She watched the fearsome show of force from the cockpit of her Voyager, seeing first hand how the UK’s Quick Reaction Alert jets challenge suspected hijacked planes and Kremlin aircraft threatening British airspace.
The Eurofighter Typhoons roared away from their base at RAF Coningsby, Lincs, before pilots spotted the PM’s plane at 17,000ft above the North Sea.
The airmen – who are on standby round the clock – drew alongside the Voyager and tipped their wings, as they would in a real emergency, to display the fighter aircraft’s deadly air-to-air weapon systems.
The £100million Typhoons then hooked up to the Airbus Voyager’s refuelling lines for a tank top-up in a delicate 320mph mid-air operation at “Area 8” off the Norfolk coast.
They were each pumped with four tonnes of fuel at 600kg a minute just feet away from the Voyager.
The planes from 3 Squadron and 11 Squadron were taking advantage of the A330’s dual role as a “flying petrol station”, filling up with extra juice before disconnecting and peeling away with their afterburners ablaze.
The training sortie also helped readied crew for eight-hour patrols over ISIS-held territory where they refuel several times.
Mrs May said later: “I’m delighted to have the opportunity today to see our brave pilots and crew in action refuelling in the air to prepare to fight Daesh (ISIS) over Syria and Iraq.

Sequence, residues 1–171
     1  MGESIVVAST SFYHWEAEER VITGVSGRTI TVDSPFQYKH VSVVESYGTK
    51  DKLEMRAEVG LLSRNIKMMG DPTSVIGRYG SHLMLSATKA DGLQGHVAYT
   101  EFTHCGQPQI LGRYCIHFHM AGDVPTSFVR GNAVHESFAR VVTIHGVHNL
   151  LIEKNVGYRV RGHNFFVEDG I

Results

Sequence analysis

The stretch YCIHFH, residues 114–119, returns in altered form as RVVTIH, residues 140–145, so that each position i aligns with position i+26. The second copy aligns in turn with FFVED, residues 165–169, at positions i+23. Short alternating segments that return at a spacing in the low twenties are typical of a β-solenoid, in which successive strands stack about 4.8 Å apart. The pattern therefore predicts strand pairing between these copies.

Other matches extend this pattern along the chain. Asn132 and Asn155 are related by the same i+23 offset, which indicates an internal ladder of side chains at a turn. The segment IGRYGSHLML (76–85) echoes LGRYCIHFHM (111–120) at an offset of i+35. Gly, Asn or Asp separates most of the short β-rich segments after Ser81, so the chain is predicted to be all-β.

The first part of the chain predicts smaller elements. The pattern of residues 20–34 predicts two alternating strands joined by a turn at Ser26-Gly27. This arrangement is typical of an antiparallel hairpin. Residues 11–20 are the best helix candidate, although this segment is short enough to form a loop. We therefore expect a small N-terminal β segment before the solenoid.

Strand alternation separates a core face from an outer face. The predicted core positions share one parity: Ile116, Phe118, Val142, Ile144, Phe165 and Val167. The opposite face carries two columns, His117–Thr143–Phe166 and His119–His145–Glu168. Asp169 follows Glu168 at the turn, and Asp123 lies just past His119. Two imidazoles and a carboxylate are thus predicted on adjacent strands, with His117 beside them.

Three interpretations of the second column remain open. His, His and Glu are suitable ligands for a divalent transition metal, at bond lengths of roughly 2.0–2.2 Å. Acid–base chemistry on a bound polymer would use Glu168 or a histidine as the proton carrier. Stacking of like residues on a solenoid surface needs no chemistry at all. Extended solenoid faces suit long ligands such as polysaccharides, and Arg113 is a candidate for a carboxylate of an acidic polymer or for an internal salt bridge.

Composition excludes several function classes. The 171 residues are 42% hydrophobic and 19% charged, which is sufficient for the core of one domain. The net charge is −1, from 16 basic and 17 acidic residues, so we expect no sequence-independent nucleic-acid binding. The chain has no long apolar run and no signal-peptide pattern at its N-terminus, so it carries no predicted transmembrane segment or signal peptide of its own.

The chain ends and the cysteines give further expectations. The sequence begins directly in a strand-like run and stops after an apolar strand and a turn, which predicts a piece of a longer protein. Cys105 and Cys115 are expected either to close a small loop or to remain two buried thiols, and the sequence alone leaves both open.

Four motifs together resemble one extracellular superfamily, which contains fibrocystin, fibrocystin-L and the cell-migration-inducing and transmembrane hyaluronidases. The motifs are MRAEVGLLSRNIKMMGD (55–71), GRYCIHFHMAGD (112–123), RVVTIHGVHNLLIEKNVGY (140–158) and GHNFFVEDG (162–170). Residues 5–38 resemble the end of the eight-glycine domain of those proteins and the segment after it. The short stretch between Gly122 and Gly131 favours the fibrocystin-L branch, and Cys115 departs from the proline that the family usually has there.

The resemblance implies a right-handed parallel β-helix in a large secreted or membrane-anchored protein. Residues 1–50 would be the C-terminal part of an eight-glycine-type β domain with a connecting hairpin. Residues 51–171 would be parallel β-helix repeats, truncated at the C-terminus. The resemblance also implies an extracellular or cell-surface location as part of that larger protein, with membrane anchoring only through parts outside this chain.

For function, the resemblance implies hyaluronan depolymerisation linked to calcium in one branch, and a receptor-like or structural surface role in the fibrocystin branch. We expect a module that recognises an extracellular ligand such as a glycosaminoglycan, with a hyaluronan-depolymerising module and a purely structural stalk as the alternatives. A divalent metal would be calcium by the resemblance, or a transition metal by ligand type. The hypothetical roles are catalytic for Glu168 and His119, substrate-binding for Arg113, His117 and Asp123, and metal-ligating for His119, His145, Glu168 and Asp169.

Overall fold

“Witnessing the unique skill of the RAF at first hand is an absolute privilege and once again demonstrates that the British Armed Forces are the finest in the world.
“The work they do is admirable and impressive and I want to take this opportunity to thank them for everything they do.”
An RAF crew member who saw the PM watching the high altitude manoeuvres, said: “She seemed pretty happy.”
Mrs May was first offered the possibility of witnessing the impressive double spectacle during a flight to Brussels earlier in December.
She backed the move, which added an hour to her journey home from Cyprus after she made a surprise Christmas visit to British airbase, RAF Akrotiri.
As well as watching the skill of UK airmen up close and studying Government papers in her ministerial red box, the PM also indulged her hobby of Sudoku during the flight to Heathrow.